Seeking to play a greater role in an evolving world order, China faces pressure
to conform to international legal norms and the rule of law. Strengthening the
legal culture in China includes exploring new ways to train Chinese law students.
Against this background of cultural and pedagogical change, clinical legal
education has begun to take root in Chinese law schools. This Note from the Field
explores the potential for clinical legal education to motivate students and scholars
in China to push the boundaries of law, making it a tool of social justice for the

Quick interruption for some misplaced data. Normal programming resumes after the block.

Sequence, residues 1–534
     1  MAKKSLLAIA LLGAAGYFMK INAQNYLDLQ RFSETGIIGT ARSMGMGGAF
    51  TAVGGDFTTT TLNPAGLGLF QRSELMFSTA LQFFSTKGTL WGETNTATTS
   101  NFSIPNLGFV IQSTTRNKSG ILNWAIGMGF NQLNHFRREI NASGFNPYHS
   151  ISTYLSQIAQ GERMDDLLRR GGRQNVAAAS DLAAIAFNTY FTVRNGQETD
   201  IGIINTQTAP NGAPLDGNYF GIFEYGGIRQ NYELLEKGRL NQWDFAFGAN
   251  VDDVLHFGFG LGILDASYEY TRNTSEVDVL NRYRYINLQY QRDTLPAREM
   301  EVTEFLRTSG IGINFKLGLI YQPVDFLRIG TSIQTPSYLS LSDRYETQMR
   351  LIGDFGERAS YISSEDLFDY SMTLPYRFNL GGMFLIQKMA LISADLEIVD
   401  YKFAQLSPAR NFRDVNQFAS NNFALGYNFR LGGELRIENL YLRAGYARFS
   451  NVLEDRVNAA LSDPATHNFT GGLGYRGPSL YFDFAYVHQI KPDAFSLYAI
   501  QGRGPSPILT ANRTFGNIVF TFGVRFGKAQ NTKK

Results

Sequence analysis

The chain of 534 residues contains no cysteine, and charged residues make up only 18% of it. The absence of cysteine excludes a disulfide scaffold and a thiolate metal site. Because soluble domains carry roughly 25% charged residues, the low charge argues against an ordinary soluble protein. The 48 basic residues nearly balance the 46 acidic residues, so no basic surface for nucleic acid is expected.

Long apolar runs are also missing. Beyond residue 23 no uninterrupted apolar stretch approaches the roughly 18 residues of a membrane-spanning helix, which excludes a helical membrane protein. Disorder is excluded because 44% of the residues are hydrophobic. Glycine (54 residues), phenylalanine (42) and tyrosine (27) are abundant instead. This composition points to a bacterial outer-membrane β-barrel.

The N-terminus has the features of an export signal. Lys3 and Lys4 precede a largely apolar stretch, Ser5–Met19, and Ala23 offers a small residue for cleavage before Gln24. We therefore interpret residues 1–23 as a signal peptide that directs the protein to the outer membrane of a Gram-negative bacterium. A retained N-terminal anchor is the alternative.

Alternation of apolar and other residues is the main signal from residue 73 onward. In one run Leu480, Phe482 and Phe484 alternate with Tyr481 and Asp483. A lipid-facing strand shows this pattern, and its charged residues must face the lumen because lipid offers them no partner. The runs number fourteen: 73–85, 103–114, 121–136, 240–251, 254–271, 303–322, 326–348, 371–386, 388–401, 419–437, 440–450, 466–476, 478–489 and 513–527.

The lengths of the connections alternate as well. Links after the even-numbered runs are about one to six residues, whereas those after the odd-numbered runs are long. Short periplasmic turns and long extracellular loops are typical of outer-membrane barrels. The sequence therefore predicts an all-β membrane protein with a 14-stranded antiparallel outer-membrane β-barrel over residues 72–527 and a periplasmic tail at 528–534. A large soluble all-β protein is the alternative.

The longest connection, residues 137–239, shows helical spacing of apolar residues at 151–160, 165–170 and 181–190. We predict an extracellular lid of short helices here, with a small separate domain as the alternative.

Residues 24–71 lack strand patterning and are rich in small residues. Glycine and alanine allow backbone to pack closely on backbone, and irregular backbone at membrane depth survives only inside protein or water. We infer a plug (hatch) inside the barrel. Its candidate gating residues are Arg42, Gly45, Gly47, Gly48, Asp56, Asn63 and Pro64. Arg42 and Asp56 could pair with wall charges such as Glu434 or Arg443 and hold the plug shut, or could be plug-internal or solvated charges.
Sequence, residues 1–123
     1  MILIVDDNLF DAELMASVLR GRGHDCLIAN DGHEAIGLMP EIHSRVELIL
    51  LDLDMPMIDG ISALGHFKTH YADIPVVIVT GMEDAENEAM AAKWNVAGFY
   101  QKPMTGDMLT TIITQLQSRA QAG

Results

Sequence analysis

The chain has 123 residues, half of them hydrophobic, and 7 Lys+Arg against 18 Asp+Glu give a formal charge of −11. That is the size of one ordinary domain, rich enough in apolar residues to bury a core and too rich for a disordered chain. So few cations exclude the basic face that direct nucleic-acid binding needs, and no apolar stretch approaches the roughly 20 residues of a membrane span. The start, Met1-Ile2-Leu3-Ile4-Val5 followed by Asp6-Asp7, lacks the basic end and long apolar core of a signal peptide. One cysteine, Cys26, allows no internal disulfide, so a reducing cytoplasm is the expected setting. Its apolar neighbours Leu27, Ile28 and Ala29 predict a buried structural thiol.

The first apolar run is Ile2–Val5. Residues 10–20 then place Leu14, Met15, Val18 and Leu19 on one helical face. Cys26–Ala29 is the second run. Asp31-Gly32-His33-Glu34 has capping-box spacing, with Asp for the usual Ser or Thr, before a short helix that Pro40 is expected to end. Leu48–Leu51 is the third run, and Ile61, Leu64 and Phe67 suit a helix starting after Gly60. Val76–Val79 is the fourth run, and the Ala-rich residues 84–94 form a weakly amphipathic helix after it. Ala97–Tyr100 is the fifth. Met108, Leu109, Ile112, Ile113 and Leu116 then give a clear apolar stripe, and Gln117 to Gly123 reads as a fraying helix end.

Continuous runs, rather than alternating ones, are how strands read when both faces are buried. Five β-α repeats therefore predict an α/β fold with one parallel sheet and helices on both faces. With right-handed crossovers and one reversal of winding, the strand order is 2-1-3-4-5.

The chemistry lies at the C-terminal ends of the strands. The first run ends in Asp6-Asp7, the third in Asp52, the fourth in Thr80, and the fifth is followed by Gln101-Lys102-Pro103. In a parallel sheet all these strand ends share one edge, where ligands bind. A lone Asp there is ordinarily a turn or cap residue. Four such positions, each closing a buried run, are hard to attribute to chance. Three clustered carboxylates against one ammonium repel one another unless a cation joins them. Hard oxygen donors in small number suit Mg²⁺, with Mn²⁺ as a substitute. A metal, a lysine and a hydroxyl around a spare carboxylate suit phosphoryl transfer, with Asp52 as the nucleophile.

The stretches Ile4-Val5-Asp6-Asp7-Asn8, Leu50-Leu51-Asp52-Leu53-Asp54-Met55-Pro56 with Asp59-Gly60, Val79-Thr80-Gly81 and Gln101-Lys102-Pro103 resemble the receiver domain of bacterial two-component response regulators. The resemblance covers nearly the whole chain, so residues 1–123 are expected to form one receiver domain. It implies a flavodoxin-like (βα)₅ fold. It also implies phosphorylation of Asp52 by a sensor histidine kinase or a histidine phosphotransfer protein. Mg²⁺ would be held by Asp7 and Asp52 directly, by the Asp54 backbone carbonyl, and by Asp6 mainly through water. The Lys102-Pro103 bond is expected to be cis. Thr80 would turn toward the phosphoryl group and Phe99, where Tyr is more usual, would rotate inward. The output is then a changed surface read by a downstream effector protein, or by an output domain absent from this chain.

average Chinese citizen. Drawing on her experiences as a clinical instructor in
Chinese law schools, Pamela Phan argues that the American model of clinical legal
education and its "social justice" tradition can play a significant role in the
development of Chinese legal education, in turn strengthening legal culture and
reform in China.
Phan, Pamela N.
"Clinical Legal Education in China: In Pursuit of a Culture of Law and a Mission of Social Justice,"
Yale Human Rights and Development Journal: Vol. 8
, Article 3.
Available at: http://digitalcommons.law.yale.edu/yhrdlj/vol8/iss1/3